They honour current beliefs while remaining determined to stretch or at least update them. The best communication starts with listening, after all. And it is agency planners, the reluctant stars of the APG’s show, who may be best-placed to “keep the flame” in their myriad roles of brand guardian, “chief engineer” and occasional change agent.

At risk of caricature, creative folk will tend to strike out for the most advanced solution, then bewail the failure of others to either “get it” or buy it. It’s in their nature and it’s what our rewards system drives them towards – the dopamine rush of a bauble. (Creative awards skew towards the new.)

A few – it’s true – instinctively wear a MAYA hat, whether that is to guide them to the right ideas or simply to stuff that gets made. And unfashionable as creative teams now may be, they would often have a built-in “auto-correct” – one partner reaching for the stars, the other with feet planted firmly on the ground. One live wire, one earth.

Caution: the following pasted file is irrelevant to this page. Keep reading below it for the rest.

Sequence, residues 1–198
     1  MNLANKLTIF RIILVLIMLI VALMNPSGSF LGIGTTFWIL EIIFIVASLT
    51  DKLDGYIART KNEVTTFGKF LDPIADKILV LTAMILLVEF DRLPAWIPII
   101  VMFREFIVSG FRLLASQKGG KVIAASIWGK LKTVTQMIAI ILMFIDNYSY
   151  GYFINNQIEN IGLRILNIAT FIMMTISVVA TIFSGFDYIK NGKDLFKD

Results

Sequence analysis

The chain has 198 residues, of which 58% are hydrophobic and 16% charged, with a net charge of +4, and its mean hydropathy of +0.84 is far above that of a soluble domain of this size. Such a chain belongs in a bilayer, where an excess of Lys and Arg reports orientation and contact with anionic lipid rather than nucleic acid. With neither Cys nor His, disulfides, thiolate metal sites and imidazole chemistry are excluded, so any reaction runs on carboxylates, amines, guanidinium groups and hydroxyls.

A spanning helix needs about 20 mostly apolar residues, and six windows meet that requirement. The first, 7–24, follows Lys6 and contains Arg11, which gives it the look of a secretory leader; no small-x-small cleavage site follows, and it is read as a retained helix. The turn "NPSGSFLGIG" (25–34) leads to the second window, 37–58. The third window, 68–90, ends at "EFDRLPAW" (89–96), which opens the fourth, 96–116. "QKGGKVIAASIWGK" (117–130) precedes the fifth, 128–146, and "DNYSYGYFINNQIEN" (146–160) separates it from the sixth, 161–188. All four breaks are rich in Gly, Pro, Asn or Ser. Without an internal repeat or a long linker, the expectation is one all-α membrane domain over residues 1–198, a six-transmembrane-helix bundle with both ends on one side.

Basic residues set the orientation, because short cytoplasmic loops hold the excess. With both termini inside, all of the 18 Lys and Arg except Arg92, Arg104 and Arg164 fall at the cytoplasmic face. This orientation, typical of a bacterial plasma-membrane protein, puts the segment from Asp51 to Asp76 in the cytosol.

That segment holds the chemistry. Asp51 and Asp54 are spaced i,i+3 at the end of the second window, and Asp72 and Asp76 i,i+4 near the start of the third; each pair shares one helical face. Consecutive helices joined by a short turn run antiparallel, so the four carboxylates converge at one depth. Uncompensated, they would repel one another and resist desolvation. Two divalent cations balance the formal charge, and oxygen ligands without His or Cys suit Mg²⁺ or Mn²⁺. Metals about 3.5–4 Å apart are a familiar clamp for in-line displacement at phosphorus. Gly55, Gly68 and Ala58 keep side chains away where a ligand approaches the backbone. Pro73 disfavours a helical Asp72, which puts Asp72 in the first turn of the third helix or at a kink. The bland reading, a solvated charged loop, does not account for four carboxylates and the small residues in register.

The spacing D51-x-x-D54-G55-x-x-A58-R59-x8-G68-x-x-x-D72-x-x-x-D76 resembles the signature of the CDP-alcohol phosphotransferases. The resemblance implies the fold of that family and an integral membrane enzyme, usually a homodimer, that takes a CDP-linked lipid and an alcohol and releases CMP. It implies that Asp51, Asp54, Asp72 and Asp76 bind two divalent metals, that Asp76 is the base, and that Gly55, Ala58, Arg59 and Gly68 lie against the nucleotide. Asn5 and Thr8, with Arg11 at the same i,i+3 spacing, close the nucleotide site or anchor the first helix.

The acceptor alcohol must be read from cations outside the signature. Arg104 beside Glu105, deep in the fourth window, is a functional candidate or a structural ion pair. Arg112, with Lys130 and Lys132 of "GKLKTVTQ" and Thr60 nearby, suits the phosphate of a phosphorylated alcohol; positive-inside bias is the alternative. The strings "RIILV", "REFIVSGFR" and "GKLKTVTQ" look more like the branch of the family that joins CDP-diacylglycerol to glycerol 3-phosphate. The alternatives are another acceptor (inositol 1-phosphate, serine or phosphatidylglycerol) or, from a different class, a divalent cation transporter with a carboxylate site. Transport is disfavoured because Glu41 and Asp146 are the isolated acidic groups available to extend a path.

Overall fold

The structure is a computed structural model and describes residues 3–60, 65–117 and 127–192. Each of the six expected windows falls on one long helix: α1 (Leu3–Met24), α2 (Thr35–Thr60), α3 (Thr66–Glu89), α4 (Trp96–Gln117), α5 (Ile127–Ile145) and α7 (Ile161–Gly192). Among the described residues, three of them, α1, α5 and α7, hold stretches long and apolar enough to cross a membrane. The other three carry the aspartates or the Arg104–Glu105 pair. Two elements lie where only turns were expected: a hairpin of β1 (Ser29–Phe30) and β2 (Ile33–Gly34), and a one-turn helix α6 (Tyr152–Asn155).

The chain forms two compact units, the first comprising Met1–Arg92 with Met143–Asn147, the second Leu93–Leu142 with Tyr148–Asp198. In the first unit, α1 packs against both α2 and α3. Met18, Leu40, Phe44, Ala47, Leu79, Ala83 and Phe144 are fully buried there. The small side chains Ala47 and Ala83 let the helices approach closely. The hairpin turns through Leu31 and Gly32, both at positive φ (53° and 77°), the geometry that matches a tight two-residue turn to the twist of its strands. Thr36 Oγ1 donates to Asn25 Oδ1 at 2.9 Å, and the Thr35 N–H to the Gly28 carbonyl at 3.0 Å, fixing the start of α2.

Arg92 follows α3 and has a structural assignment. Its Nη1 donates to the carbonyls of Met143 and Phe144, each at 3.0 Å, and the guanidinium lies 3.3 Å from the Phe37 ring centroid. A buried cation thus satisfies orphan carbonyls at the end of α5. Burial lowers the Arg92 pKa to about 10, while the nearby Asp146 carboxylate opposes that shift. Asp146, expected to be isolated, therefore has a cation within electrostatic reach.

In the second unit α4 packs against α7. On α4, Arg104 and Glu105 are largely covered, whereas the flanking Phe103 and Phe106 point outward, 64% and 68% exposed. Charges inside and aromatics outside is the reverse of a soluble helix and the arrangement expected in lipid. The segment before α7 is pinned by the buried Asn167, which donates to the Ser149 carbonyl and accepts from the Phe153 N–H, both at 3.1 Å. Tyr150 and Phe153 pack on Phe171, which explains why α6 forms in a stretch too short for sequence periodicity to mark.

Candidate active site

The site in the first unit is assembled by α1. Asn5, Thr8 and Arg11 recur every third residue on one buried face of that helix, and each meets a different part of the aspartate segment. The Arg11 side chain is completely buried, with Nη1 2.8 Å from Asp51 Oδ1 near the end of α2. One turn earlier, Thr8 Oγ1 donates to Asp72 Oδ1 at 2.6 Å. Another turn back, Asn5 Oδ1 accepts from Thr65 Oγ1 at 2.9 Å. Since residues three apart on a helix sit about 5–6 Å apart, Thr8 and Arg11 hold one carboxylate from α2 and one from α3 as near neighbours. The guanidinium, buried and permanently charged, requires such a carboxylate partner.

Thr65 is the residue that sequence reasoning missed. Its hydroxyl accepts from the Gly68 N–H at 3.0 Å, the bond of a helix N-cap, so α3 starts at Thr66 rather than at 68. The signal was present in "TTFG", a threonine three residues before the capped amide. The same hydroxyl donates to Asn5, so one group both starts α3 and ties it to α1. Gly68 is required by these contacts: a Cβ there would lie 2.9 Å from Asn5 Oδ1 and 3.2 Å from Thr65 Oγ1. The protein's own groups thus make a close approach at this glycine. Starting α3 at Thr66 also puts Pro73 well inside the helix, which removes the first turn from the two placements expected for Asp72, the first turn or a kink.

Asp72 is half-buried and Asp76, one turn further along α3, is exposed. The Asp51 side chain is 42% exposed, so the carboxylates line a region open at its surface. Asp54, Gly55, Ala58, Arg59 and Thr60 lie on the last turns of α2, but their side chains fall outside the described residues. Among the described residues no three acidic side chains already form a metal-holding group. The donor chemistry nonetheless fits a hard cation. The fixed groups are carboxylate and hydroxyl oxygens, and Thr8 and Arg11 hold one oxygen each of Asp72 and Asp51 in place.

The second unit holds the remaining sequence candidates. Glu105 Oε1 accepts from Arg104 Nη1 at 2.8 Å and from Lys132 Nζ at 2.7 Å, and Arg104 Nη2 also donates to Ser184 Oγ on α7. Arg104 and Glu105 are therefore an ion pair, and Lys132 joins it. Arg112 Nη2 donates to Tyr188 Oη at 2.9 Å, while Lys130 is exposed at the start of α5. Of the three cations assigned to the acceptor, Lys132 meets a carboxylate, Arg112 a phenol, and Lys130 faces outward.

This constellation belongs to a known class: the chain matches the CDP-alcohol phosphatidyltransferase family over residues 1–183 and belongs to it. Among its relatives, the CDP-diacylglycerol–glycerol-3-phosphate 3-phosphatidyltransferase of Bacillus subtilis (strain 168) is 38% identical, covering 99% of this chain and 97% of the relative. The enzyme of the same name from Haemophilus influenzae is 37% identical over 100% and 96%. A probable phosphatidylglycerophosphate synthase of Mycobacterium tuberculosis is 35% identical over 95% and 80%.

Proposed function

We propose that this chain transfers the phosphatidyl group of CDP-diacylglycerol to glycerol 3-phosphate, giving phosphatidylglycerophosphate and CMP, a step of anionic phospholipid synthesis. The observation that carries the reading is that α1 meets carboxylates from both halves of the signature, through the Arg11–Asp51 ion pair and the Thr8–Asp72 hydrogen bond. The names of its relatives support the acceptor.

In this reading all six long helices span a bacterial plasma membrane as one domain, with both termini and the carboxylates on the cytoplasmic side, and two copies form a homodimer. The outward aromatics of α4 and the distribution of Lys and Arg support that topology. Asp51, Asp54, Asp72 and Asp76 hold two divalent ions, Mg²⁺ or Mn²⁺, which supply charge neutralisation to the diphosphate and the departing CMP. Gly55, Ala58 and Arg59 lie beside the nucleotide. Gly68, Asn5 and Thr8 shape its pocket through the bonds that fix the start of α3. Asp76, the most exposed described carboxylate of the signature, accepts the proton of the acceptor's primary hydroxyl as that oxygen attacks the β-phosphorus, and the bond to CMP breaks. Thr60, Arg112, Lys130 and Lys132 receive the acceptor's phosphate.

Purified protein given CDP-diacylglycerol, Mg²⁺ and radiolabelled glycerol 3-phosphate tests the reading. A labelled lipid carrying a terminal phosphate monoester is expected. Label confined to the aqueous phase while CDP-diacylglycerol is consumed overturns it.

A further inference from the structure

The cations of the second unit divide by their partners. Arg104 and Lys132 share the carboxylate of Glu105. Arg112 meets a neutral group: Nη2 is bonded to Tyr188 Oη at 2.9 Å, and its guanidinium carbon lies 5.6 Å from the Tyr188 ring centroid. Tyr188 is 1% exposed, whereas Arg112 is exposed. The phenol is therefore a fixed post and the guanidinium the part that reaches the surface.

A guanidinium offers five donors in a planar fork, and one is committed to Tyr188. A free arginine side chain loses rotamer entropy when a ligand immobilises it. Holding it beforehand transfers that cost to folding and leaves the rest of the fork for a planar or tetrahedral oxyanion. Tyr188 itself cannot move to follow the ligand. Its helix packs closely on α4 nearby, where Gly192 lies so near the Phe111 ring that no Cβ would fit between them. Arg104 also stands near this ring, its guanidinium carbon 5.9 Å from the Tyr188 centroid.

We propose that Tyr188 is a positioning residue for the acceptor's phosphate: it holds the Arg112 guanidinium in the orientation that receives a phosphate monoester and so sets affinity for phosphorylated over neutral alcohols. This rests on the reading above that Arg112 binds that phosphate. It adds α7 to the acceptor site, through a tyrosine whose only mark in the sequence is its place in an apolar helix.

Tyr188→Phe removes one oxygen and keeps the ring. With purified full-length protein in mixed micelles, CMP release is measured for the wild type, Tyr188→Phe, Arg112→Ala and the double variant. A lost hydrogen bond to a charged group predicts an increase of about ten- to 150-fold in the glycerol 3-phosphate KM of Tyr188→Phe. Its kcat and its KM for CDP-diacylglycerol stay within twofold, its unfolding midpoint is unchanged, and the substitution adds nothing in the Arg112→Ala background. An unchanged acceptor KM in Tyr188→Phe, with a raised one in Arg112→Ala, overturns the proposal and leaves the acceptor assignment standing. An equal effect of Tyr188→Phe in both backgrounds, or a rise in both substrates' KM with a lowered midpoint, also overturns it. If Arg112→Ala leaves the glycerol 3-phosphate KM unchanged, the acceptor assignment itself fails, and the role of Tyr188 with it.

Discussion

For the mortal creative, however, the planner – and strategy more generally – can be their friend in two regards – helping them get straight to “most advanced” answers that are intrinsically acceptable (to the consumer, remember, not necessarily the brand owner) and/or policing the unacceptable. My personal preference is for the former.

A good brief and a good briefing is still a great place to start in the quest for surprising advertising that is accepted rather than rejected, even if the APG Awards raised its gaze beyond this many moons ago. The best briefs steer everyone to what Loewy called “optimal newness” – answers that are at once fresh but somehow familiar, original and appropriate. (“Draw me the court I’m playing on and I’ll try to hit the line,” my creative partner, Augusto Sola, says.)

However, once creatives are up and running, the planner’s task is to act as a kind of clutch control: a role that demands a light touch and a gift for nurture (of ideas, that is – not necessarily people), because creative people need to feel they got there themselves and, of course, often do. And because no-one likes a smart-arse.